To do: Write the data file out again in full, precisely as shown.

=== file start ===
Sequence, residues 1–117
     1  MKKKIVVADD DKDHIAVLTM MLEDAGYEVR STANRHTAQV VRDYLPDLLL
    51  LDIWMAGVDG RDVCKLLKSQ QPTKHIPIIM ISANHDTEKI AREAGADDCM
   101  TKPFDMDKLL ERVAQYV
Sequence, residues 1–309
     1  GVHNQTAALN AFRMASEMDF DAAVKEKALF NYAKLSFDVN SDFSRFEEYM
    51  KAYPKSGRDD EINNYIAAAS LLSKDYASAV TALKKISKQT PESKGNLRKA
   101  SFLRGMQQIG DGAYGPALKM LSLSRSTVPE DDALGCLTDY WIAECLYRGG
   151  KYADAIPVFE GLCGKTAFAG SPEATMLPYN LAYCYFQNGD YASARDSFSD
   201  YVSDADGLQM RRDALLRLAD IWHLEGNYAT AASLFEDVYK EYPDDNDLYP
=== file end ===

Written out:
Sequence, residues 1–117
     1  MKKKIVVADD DKDHIAVLTM MLEDAGYEVR STANRHTAQV VRDYLPDLLL
    51  LDIWMAGVDG RDVCKLLKSQ QPTKHIPIIM ISANHDTEKI AREAGADDCM
   101  TKPFDMDKLL ERVAQYV
Sequence, residues 1–309
     1  GVHNQTAALN AFRMASEMDF DAAVKEKALF NYAKLSFDVN SDFSRFEEYM
    51  KAYPKSGRDD EINNYIAAAS LLSKDYASAV TALKKISKQT PESKGNLRKA
   101  SFLRGMQQIG DGAYGPALKM LSLSRSTVPE DDALGCLTDY WIAECLYRGG
   151  KYADAIPVFE GLCGKTAFAG SPEATMLPYN LAYCYFQNGD YASARDSFSD
   201  YVSDADGLQM RRDALLRLAD IWHLEGNYAT AASLFEDVYK EYPDDNDLYP